Progressive opposition to House Speaker Nancy Pelosi’s plan to give President Bush the money he seeks to maintain the war in Iraq for at least another year — but to attach benchmarks and a timeline designed to make it easier to ultimately end the war — went into collapse Thursday.

Four key members of the Congressional Progressive Caucus, who had been among the more outspoken critics of the Pelosi plan, agreed to back off after meetings with the speaker.

“After two grueling weeks of meetings, progressive members of Congress brought forth an agreement that provided the momentum to pass a supplemental spending bill that, for the first time, establishes a timeline for the withdrawal of U.S. troops from Iraq,” California Democrats Barbara Lee, Lynn Woolsey, Maxine Waters and Diane Watson said in a statement released late in the day.

Lee and Woolsey co-chair the Congressional Progressive Caucus.

Waters is a founder of the bipartisan Out of Iraq Caucus.

All four had objected that the Pelosi bill asked too little of the president and allowed the war to go on for too long.

But, as it became clear that their opposition might prevent passage of the spending bill and hand a preceived victory to the president, the progressives bagan to waver.

Waters said that she and her allies would no longer encourage anti-war Democrats to oppose the Pelosi plan. “We have released people who were beginning…to be pulled in a different direction,” she was reported as explaining. “We don’t want them to be put in a position where they look like they are undermining Nancy’s speakership.”

For Lee, the decision to effectively encourage support for Pelosi’s plan was particularly tough. She cast the sole vote against authorizing Bush to mount a military response to the 9-11 attacks in 2001, and she has consistently opposed every step to initiate and expand the Iraq War. “I have struggled with this decision, but I finally decided that, while I cannot betray my conscience, I cannot stand in the way of passing a measure that puts a concrete end date on this unnecessary war,” Lee was quoted as saying by the online magzaine The Politico.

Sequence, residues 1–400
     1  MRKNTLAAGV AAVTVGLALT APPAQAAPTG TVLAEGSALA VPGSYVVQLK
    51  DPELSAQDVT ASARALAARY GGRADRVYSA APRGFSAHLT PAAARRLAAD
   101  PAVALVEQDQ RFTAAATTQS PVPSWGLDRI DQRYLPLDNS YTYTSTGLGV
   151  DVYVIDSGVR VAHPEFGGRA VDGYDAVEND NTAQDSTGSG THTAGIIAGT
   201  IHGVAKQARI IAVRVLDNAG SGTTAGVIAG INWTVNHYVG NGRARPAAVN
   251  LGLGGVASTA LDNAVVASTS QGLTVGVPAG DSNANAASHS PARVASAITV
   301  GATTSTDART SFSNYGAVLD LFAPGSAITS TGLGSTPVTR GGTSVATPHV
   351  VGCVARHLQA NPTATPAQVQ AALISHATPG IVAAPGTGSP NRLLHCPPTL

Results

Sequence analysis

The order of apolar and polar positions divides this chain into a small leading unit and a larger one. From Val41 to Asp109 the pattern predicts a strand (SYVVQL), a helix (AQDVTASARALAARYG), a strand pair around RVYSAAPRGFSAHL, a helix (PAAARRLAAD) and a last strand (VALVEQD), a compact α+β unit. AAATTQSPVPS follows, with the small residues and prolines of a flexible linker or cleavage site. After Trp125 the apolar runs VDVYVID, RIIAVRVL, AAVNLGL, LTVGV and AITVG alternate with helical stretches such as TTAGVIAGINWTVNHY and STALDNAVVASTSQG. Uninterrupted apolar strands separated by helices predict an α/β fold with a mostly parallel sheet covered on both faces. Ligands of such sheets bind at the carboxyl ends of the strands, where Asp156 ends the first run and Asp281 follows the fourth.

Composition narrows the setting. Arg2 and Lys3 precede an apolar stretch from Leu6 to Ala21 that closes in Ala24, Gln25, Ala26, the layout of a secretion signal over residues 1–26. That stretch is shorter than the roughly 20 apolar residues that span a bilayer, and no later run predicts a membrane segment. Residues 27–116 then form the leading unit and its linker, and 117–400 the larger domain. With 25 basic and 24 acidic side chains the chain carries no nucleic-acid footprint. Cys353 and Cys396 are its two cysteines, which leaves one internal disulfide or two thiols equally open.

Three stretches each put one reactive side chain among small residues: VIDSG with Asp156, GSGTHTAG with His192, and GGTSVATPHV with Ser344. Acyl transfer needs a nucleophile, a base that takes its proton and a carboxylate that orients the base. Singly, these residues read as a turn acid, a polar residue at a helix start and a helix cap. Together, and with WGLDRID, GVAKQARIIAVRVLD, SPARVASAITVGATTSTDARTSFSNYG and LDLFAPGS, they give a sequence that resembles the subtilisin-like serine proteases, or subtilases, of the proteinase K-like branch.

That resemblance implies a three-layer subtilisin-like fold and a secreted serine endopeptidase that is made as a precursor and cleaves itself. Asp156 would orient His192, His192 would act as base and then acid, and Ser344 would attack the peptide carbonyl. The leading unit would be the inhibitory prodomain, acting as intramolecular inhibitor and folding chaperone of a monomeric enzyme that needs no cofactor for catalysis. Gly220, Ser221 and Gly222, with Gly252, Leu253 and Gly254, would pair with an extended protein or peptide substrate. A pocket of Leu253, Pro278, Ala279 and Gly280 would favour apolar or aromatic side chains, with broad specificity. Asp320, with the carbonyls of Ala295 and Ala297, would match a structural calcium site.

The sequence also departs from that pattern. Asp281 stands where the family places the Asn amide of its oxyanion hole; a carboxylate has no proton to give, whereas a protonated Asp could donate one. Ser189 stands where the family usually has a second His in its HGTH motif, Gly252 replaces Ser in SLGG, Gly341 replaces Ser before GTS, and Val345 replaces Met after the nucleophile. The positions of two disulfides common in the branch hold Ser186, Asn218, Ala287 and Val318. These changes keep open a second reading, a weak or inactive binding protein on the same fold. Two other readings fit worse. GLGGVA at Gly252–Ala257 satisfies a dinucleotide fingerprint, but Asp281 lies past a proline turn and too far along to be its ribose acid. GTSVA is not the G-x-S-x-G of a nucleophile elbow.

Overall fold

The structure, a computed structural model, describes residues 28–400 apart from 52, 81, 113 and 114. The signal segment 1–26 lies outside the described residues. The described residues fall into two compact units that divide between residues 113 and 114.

The shift by Lee, who last week voted against advancing the Pelosi plan as part of the deliberations by the Appropriations Committee, is especially significant. It is likely to free up a number of other anti-war Democrats in the House to vote with Pelosi.

Where does this leave the debate over the bill?

Most Republicans will oppose it, as will a handful of Democrats — some of them Blue Dog conservatives who support the war, some of them anti-war progressives such as Ohio Congressman Dennis Kucinich.

But with most of the key players on the anti-war flank of the Democratic caucus in the House signing on, Pelosi’s proposal now appears far more likely to be passed than it did just a few days ago. It needs 218 votes, and there is a distinct possibility that the votes of Lee, Waters, Watson and Woolsey could secure its success.

Bush continues to promise a veto of any such measure.

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